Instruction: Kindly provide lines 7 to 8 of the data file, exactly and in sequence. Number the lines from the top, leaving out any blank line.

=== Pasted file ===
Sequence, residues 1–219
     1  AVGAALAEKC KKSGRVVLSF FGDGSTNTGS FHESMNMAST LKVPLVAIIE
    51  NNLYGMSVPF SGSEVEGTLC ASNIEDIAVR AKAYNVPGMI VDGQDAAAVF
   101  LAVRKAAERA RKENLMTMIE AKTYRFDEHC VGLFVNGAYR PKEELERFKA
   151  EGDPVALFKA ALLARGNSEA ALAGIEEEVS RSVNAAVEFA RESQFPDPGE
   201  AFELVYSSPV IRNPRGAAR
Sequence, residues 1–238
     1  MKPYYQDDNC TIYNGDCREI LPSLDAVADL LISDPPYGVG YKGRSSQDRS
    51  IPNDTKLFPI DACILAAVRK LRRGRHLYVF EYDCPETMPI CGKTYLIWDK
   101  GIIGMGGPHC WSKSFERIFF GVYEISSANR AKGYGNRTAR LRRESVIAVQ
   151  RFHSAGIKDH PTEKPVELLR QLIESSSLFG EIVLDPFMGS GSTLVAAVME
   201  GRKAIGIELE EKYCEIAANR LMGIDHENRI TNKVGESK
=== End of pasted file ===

Sequence, residues 1–238
     1  MKPYYQDDNC TIYNGDCREI LPSLDAVADL LISDPPYGVG YKGRSSQDRS